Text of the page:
// script).
private const string ValidatorIncludeScriptKey = "DomValidatorIncludeScript";

// The script block that is rendered at the bottom of the page.
private const string ValidatorStartupScript = @"
<script language=""javascript"">
<!--

var Page_ValidationActive = false;
if (typeof(Page_DomValidationVer) == ""undefined"")
    alert(""{0}"");
else
    ValidatorOnLoad();

function ValidatorOnSubmit() {{
    if (Page_ValidationActive) {{
        return ValidatorCommonOnSubmit();
    }}
}}

// -->
</script>
        ";
// Provides formatting information for emitting the script 
// block at the top of the page. 
private const string IncludeScriptFormat = @"
<script language=""{0}"" src=""{1}{2}""></script>";

// This method is called from OnPrerender in the
// Base Validator Control Sample.
protected void RegisterValidatorCommonScript() {
            
   string location = null;
   if (!Page.IsClientScriptBlockRegistered(ValidatorIncludeScriptKey)) {            
      // Provide the location of the script file.     
       location = Page.Request.ApplicationPath + "/script/";

      // Create client script block.
      string includeScript = String.Format(IncludeScriptFormat, "javascript",  location, ValidatorFileName);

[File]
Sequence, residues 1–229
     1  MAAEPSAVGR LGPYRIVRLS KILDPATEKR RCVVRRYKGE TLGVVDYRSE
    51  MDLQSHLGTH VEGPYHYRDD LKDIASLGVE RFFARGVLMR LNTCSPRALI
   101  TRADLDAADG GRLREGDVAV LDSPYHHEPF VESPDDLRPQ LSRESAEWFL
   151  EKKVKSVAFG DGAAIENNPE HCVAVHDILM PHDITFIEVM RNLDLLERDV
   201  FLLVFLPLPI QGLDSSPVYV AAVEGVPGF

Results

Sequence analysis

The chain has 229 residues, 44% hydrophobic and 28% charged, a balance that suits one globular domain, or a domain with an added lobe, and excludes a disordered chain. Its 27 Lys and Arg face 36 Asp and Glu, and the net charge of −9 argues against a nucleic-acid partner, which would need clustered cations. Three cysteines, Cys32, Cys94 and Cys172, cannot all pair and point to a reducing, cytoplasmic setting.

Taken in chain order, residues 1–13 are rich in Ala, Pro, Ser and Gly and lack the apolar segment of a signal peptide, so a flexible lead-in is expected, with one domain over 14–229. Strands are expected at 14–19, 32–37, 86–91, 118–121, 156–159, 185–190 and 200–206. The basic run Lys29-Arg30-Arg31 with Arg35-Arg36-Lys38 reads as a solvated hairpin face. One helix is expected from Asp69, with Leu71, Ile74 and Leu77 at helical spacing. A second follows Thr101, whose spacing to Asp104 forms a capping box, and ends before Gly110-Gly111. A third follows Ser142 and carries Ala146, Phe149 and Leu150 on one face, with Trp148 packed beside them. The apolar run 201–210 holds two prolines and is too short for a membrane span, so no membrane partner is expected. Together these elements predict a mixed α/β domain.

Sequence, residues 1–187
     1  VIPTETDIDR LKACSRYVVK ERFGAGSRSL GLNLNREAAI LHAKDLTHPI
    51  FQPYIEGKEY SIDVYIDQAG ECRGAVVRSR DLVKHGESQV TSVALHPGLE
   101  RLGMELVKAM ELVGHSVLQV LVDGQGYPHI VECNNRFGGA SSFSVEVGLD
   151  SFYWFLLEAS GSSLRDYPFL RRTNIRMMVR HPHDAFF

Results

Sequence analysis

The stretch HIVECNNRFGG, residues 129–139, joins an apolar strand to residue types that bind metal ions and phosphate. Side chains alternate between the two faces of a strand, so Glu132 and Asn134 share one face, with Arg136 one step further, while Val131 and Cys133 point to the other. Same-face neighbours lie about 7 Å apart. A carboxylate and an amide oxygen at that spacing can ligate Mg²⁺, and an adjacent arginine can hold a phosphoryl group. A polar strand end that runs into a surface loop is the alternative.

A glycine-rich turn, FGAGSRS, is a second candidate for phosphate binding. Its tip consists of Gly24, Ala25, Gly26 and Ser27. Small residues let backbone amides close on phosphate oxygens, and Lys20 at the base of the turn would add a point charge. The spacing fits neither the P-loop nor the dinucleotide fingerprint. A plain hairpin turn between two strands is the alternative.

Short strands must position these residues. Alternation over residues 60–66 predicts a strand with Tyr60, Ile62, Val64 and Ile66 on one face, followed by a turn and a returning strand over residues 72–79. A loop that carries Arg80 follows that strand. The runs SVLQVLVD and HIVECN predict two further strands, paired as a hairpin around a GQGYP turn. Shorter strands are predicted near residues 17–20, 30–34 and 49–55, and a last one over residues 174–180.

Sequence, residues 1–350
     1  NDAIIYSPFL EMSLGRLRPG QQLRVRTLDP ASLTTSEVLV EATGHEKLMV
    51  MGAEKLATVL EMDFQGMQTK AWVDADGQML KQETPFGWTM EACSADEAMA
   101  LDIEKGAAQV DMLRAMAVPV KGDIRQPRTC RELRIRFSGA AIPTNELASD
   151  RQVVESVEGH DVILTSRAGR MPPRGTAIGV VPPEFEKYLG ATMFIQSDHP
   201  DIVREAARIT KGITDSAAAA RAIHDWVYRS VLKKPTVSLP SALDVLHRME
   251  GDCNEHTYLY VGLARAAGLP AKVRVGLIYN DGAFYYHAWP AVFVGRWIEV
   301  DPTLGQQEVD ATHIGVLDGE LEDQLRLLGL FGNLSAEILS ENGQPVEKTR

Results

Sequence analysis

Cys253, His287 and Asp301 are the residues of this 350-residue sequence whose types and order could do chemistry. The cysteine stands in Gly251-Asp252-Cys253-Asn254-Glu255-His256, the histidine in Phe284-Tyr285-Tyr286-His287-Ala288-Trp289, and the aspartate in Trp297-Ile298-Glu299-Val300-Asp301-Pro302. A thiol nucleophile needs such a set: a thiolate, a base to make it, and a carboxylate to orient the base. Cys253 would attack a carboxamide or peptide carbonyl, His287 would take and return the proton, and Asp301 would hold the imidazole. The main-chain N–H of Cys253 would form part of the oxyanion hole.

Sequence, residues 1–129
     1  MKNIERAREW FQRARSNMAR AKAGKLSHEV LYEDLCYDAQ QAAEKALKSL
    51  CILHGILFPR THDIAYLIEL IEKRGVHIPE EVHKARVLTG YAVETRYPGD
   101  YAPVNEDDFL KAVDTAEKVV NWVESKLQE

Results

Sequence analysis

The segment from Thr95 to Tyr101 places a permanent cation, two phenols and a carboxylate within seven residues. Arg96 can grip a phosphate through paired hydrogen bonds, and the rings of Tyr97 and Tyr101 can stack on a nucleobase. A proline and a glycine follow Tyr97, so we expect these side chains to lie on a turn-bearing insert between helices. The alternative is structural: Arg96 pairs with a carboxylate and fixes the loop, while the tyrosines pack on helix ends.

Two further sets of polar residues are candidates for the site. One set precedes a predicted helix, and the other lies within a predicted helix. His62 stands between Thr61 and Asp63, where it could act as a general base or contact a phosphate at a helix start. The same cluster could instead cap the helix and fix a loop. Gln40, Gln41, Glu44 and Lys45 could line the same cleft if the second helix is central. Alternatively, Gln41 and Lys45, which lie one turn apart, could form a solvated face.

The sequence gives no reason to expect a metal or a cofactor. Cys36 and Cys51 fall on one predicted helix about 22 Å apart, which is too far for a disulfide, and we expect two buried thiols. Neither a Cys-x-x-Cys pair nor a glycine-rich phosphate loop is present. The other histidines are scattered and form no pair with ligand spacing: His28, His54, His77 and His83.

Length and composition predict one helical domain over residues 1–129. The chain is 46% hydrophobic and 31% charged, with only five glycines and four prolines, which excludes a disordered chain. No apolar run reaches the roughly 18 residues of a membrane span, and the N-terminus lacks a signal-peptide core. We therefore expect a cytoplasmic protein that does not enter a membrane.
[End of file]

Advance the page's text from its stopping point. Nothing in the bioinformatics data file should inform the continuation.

Page.RegisterClientScriptBlock(ValidatorIncludeScriptKey, includeScript);   
   }
                  
  if (!Page.IsStartupScriptRegistered(ValidatorIncludeScriptKey)) {     
     if (location == null) location = Page.Request.ApplicationPath + "/script/";
      // Provide error message, which is localized.
       string missingScriptMessage = "Validation script is missing '" + location + ValidatorFileName + "'";
      // Create startup script block.
        string startupScript = String.Format(ValidatorStartupScript, new object [] {missingScriptMessage,});                                     
        Page.RegisterStartupScript(ValidatorIncludeScriptKey, startupScript);
   }              
  Page.RegisterOnSubmitStatement("ValidatorOnSubmit", "return ValidatorOnSubmit();");
}
[Visual Basic]
Private Const ValidatorFileName As String = "DomValidation.js"
' The key to register a script key. In this example, the same key